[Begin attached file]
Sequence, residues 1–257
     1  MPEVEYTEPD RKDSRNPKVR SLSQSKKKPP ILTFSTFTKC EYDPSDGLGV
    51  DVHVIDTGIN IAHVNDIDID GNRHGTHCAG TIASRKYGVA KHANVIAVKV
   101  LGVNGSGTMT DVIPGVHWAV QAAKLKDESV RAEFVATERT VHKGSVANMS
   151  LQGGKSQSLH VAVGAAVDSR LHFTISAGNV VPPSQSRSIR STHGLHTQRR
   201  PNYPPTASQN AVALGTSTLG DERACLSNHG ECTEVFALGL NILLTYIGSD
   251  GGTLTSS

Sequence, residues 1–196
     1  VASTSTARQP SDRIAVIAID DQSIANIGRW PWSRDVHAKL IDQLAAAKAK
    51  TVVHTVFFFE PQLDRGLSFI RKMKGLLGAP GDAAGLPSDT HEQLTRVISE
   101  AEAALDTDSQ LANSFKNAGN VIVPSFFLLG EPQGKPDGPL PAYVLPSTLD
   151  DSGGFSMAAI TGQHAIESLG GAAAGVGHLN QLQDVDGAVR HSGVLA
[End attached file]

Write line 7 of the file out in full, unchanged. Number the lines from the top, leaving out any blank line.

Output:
   251  GGTLTSS